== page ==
If you have ever visited downtown Guelph Ontario and paused for even a moment to admire the Limestone-laden, Victorian era architecture, chances are good – really, really good – that Doug Burpee has had more than a little something to do with preserving the historic look and keeping the aesthetic alive and well.
Doug is a stone carver by trade, which certainly falls under the umbrella of stone masonry, but it’s even more specialized. By definition, stone carving is a controlled shaping of natural stone where the carver slowly, methodically and skilfully removes pieces, segments or even layers from a larger stone until the desired shape and size is crafted. Think of it like whittling wood, except it’s less of a pocket-knife hobby and doesn’t usually involve sitting in a rocking chair on a wrap-around porch with a nice cool glass of lemonade in reach. It’s a back-breaking, heavy-lifting, precision-intense trade that results in a type of accurate, intentional suedo-erosion. Needless to say, it’s not an easy trade to master.
“There’s a lot of architectural details around windows and arches and even figurative carving – tops of cornices, corners of buildings, gargoyles, etc.,” Doug explains.
It’s also not an easy trade to apprentice or go to school for. “They don’t really offer opportunities like they do for an electrical apprenticeship or a plumbing apprenticeship.” And unfortunately, as is the case with many trades, there are less and less people seeking it out, making good trades-folk harder and harder to find. But lucky for Guelph and the greater Waterloo region, we have Doug.
In his formative stone cutting years (pun intended), Doug was fortunate to begin honing his craft at one of the very few educational programs offered outside of Europe.
“Someone told me about a program being offered by a Scottish Stone Mason in Whitby Ontario – Bobby Watt – and that program began because there was a demand for restoration masons. And in restoration masonry there’s a lot of stone carving.”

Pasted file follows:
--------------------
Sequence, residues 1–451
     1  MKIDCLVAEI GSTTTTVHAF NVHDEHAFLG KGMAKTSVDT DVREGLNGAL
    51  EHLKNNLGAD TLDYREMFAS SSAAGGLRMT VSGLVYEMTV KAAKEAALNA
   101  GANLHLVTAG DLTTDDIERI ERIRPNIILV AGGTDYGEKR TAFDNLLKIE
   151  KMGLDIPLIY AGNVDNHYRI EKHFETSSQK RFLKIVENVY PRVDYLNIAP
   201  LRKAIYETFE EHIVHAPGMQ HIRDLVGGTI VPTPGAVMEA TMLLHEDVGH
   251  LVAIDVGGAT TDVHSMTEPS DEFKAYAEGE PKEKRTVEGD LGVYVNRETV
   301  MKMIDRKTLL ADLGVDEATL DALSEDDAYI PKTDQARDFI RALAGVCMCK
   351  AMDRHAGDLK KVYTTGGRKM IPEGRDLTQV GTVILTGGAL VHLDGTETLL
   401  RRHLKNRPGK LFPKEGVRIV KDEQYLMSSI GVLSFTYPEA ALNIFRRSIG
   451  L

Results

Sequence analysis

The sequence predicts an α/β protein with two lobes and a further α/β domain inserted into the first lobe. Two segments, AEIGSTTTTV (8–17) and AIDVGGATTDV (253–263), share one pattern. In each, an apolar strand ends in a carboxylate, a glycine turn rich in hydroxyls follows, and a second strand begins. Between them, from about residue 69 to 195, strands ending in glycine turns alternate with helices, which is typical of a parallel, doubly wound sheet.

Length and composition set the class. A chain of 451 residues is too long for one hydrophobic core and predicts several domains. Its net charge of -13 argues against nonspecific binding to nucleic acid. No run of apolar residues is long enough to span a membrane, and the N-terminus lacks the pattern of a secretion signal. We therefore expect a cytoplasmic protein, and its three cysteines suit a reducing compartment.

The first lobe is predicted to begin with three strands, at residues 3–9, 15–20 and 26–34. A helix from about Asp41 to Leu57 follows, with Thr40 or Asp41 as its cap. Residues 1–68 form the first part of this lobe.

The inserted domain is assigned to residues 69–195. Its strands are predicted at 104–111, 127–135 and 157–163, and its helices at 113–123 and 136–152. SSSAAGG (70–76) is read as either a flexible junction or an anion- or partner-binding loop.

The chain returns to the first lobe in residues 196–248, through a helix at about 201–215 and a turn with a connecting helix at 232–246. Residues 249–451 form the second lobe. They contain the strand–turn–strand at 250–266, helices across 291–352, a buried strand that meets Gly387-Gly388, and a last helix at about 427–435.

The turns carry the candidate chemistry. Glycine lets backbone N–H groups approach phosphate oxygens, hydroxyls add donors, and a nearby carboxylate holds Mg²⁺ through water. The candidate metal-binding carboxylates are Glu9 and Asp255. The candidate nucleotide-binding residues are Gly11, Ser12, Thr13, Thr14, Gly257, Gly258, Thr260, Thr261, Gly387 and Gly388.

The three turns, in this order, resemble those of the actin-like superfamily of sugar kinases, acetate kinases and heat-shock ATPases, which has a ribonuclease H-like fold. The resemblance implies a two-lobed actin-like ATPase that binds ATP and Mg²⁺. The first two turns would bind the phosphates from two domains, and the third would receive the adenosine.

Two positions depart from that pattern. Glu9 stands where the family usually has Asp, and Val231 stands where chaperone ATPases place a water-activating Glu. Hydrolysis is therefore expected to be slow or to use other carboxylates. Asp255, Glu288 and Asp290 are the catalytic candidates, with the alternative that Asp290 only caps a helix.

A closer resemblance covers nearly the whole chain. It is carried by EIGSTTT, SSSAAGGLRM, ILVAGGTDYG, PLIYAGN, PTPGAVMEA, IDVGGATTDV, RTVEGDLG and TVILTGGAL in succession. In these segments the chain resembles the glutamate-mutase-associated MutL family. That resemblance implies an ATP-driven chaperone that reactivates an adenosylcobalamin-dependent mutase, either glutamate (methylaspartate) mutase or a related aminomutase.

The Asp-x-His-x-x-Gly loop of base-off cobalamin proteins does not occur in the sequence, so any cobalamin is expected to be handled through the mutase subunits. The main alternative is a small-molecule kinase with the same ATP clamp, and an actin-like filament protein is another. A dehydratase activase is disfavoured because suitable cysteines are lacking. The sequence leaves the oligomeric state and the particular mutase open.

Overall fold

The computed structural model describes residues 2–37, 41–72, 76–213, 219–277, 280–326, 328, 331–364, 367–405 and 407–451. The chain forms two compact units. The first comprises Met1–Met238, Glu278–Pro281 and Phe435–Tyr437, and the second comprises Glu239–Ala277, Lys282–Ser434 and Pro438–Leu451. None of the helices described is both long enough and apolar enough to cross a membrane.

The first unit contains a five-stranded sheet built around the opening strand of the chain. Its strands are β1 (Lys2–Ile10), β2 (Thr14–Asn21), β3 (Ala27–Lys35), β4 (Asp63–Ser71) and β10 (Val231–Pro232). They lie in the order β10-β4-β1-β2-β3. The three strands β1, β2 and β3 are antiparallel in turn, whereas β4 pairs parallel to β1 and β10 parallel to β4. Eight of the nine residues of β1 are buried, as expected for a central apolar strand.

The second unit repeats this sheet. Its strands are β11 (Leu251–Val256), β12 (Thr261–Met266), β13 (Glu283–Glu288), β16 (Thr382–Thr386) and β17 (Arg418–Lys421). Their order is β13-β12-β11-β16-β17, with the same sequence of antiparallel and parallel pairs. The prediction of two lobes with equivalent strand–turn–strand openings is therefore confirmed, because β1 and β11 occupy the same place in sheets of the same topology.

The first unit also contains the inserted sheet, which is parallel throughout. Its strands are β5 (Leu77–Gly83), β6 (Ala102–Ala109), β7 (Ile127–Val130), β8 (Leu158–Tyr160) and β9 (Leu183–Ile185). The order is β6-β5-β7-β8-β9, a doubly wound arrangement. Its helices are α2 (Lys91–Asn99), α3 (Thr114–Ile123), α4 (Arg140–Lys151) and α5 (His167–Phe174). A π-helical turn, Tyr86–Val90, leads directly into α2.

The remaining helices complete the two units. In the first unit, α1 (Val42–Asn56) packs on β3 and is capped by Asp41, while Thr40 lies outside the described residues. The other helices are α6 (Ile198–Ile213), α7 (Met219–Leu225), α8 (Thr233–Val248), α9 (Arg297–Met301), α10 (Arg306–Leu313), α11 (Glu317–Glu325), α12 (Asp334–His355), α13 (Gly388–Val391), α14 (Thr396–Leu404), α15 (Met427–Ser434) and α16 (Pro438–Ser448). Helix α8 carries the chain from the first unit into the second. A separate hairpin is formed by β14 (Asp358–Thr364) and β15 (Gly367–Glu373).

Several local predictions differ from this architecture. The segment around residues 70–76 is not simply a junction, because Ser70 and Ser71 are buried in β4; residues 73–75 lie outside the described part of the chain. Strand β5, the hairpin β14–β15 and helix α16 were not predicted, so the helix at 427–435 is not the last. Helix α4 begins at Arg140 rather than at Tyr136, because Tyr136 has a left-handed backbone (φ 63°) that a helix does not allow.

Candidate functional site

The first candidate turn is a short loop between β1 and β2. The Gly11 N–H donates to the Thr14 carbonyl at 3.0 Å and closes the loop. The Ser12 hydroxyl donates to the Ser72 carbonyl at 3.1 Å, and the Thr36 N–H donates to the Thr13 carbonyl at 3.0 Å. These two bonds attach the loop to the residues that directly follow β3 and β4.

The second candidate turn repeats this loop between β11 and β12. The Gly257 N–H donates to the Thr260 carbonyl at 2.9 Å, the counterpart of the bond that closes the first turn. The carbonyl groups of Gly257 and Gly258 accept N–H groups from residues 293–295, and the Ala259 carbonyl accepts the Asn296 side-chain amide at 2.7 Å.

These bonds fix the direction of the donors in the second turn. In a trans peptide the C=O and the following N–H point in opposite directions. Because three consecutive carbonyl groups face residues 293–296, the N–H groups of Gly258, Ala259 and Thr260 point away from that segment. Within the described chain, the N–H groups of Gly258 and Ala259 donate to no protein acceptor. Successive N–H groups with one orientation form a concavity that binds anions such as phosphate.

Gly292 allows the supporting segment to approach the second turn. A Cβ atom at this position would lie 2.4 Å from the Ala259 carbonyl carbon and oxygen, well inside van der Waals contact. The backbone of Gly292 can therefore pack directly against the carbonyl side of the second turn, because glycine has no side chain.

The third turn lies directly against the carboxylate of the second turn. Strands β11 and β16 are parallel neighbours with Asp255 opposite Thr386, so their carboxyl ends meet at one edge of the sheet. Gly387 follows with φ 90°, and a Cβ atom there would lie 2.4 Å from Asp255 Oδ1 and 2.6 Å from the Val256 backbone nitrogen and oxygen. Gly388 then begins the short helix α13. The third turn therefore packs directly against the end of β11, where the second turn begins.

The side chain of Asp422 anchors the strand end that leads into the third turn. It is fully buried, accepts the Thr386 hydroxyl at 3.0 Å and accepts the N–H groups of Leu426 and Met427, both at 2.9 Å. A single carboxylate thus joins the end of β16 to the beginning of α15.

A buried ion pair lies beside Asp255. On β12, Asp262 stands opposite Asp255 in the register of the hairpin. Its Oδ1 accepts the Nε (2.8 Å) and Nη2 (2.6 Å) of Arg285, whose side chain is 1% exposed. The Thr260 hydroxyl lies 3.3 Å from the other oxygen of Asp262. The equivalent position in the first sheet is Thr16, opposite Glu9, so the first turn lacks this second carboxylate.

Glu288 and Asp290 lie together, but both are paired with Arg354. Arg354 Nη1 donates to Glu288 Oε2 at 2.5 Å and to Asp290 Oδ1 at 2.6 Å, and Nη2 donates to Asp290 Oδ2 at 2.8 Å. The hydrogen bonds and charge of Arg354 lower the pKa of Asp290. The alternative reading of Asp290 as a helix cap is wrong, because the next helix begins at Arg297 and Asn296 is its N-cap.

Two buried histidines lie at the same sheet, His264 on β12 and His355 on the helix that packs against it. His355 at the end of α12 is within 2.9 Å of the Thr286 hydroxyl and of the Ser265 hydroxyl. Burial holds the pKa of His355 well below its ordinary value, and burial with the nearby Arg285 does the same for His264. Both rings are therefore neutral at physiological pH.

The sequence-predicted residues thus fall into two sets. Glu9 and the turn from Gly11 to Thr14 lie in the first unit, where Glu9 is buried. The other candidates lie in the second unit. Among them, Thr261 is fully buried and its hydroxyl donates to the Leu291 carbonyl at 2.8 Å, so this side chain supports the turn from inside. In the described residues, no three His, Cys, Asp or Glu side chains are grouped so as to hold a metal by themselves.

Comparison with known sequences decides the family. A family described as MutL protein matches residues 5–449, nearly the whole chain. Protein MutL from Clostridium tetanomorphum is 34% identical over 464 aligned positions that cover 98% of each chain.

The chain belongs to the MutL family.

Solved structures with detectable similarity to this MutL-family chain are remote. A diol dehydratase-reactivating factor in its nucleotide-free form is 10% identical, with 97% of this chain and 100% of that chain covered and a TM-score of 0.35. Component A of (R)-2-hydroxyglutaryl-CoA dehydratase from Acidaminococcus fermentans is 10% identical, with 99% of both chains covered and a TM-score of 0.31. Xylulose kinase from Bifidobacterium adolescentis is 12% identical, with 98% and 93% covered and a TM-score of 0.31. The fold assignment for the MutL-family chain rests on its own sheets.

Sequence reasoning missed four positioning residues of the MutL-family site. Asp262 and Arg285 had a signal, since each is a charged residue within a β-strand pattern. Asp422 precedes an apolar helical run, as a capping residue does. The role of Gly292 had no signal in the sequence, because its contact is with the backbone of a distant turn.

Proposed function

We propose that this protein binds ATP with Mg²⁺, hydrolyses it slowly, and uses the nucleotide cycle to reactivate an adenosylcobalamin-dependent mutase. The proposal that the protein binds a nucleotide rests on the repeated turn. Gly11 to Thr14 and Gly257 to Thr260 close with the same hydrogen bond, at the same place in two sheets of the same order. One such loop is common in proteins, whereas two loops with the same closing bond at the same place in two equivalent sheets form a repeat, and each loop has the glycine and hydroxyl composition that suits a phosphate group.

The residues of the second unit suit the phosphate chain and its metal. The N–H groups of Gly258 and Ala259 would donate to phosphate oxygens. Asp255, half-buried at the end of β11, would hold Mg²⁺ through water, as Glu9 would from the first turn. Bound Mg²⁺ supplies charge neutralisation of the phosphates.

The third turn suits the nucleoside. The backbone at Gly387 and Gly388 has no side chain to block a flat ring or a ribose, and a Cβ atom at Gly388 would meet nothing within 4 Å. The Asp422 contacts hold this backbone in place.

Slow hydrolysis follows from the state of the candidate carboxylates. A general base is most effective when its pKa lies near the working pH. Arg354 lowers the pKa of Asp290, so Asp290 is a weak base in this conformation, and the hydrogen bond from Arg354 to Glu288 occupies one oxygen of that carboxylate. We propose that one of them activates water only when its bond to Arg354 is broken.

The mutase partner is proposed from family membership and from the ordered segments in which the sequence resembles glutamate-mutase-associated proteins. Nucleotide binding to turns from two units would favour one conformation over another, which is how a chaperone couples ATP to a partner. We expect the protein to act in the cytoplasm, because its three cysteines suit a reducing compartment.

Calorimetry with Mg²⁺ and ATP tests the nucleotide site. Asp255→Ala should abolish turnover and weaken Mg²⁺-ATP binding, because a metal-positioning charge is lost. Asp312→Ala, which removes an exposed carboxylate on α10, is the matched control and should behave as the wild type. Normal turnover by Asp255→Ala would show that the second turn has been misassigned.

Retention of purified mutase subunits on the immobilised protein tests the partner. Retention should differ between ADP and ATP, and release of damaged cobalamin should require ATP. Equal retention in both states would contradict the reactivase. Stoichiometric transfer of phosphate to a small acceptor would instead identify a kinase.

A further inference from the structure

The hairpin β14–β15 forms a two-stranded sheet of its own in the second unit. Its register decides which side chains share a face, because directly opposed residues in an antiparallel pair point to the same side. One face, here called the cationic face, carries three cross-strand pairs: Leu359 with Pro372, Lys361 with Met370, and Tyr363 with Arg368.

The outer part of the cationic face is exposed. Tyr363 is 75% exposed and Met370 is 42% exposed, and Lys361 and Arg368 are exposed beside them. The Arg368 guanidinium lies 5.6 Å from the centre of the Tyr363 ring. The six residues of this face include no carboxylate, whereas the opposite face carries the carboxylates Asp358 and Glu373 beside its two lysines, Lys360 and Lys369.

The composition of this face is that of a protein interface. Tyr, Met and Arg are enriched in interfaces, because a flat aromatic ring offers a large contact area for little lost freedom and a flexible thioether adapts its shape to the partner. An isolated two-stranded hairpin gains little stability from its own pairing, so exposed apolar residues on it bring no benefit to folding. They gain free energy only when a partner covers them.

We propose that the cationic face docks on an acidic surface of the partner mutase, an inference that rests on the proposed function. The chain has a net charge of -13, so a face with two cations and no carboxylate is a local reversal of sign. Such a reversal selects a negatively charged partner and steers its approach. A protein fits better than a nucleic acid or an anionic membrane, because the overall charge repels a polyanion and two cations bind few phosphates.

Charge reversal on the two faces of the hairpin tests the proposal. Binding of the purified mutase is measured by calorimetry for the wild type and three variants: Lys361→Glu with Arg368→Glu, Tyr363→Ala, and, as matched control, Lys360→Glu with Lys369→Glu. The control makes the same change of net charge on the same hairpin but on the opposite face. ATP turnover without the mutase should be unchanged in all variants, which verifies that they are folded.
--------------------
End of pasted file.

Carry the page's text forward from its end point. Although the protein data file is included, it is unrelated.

From there Doug cut his teeth (and many of his first stones) working at the Parliament buildings in Ottawa, with a lot of time spent restoring the Peace Tower. But it’s Guelph Ontario where Doug has forged his career and made a name for himself. Burpee Stone Masonry is focussing on highly skilled craftsmanship in stonework in the Guelph community for over 15 years. Doug’s talents can be seen at just about every vantage point in the downtown core as he’s done restoration work on “pretty much every church in downtown Guelph.”
“We really like large restoration projects. And each year it’s sort of a different proportion of working on old buildings and working on new buildings. So we do all things in stone. Whether it’s doing an addition – actually building an addition on a house that was built 150 years ago in either limestone or granite and having to match that – the stone style and mortar style – that’s a huge challenge and we just love that.”
We prefer natural stone